Some Bad News: Strong Families Safe Children money in Michigan will be transferred from communities who depended on the funds for their Kinship Care programs and moved to DHS children’s services.
Consider this about Michigan’s kinship children:
About 8,000 children are in Relative Foster Care.
Yet 183,000 children are in non-parent relative care, 75% of those are living with grandparents, according to the 2000 U.S. Census.
That means that 4% of the children living with relatives are being served by Relative Foster Care through DHS, while 96% of children living with relatives are not receiving the extent of services DHS can offer. Maybe you should read that again. It is an important fact for how money is spent on kinship care.
To deal with the disproportionate gap in kinship services, many communities turned to the collaboration efforts of their human services. Strong Families Safe Children, administered by DHS, included a specific criteria to establish kinship care programs. Local administration of the money has been a key to the success of assisting all kinship families through the navigation process of kinship care.
On May 30, 2010, the decision from DHS was made by someone in the tower to cut those funds to community collaboratives and transfer them to DHS foster care – the 4% of relative care. Those communities depending on the core funding from Strong Families Safe Children for all kinship families are now much more likely to see the struggling kinship programs crumble.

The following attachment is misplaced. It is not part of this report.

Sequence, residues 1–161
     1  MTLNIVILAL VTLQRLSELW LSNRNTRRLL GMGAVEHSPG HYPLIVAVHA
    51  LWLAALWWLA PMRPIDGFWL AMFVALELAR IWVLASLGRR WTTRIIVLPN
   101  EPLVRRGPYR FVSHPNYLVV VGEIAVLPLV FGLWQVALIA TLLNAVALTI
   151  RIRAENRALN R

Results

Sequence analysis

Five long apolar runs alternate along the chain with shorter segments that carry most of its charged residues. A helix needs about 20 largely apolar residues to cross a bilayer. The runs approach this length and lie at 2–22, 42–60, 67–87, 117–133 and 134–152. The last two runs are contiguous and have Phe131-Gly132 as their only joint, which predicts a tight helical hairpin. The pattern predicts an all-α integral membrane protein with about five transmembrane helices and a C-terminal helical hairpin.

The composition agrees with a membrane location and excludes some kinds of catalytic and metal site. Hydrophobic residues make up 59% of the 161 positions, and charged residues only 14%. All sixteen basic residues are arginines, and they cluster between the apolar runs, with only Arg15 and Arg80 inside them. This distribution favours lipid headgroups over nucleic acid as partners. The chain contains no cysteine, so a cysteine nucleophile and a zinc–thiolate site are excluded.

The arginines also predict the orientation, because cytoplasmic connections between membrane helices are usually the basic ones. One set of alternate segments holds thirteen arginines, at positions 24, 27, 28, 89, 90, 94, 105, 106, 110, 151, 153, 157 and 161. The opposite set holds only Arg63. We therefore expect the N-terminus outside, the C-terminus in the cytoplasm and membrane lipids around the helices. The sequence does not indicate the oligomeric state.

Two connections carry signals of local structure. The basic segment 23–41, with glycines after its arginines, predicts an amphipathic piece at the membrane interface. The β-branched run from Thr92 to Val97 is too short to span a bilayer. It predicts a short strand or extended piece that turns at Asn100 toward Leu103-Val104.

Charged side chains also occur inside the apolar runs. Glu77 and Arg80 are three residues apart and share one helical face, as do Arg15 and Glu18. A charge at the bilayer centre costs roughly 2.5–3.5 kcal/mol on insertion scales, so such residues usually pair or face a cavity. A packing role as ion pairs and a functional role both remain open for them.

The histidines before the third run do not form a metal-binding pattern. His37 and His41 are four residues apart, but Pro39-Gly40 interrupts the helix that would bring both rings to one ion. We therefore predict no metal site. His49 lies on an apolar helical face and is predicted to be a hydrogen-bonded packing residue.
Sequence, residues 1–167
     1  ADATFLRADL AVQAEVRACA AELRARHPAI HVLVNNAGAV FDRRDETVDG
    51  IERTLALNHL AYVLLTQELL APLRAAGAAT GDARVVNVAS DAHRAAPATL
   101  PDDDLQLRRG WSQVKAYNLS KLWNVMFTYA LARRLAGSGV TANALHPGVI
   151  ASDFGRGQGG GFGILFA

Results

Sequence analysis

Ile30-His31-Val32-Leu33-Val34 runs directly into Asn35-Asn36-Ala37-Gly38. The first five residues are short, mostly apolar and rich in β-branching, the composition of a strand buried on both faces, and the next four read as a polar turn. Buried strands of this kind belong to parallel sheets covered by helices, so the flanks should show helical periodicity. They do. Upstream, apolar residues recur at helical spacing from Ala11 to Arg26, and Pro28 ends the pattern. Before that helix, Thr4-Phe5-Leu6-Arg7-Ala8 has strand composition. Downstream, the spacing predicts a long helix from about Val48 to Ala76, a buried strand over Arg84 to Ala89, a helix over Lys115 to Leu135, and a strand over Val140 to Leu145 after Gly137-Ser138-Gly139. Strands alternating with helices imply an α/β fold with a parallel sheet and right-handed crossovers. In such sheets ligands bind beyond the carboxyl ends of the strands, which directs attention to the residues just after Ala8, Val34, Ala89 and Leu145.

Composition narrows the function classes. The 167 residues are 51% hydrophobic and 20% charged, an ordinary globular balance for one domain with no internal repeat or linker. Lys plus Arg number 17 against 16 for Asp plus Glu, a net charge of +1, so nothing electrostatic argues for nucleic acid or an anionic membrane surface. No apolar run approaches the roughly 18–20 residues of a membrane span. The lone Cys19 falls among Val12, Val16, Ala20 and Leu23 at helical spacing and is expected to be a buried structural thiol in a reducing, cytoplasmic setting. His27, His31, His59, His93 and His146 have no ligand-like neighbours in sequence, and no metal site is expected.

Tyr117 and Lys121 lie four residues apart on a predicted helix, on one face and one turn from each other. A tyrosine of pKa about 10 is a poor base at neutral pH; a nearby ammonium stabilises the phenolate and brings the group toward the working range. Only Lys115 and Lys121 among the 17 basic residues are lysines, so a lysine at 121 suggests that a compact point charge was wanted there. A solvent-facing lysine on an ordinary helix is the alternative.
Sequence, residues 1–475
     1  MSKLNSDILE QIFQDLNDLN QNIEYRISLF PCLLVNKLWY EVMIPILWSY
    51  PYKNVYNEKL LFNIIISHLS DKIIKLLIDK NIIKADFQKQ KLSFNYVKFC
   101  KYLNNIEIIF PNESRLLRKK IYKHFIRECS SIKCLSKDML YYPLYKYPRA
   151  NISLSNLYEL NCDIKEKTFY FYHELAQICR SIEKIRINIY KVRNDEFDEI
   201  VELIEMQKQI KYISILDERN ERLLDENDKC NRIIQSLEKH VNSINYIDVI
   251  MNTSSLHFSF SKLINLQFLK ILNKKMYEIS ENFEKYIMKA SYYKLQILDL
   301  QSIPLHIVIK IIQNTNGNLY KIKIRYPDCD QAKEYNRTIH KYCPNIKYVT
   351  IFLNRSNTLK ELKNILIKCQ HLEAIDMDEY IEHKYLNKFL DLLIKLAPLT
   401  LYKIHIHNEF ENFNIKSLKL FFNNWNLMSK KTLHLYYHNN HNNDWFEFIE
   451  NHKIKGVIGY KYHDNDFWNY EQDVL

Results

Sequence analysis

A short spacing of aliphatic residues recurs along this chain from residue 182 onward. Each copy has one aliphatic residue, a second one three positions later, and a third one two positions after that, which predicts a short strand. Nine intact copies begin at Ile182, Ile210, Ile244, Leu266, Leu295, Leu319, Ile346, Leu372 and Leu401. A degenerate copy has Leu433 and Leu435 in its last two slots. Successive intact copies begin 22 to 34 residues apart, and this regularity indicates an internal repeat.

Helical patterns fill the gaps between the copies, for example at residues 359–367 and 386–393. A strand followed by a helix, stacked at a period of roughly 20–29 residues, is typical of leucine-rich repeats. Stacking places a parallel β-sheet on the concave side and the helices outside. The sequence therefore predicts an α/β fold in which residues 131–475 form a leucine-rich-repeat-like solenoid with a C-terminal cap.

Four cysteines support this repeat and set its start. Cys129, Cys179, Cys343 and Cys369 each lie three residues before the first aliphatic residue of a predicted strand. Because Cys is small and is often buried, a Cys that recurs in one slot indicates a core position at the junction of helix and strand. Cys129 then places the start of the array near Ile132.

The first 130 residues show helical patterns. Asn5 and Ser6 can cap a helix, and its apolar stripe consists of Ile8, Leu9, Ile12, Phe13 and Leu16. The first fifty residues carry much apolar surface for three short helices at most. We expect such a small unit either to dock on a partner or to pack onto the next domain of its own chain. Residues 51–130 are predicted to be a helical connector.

Why is kinship care so pushed aside from the mainstream of social programs?
Is it lack of research showing need for services that also include the 96% of kinship families not involved with DHS?
Is it the complicated spread of needs over a wide cross section of our society – legal, education, counseling, health, financial, general navigation through these difficult mine fields?
Is it a lack of advocates in the field to pursue the necessary support? Or a weariness of advocates? In 2007 a strong core of Michigan kinship family advocates worked hard with the legislature to actually pass the Guardianship Assistance bill only to see the proposed funds encumbered by the heavily researched, well-positioned DHS programs (serving 4% of the kinship children).
This is not to say that Relative Foster Care with its wonderful family and children supports should not receive the necessary funds to strengthen the children, but rather to include all kinship families with strong navigational supports for children and caregivers. One frustrated DHS worker lamented as I researched the loss of Strong Families Safe Children funding for community kinship programs, “Strengthening all kinship care families is a vital course of Prevention – assuring that the families are strong and children more likely to find success in school and society.”
This is a very disturbing situation.
Concerned in Michigan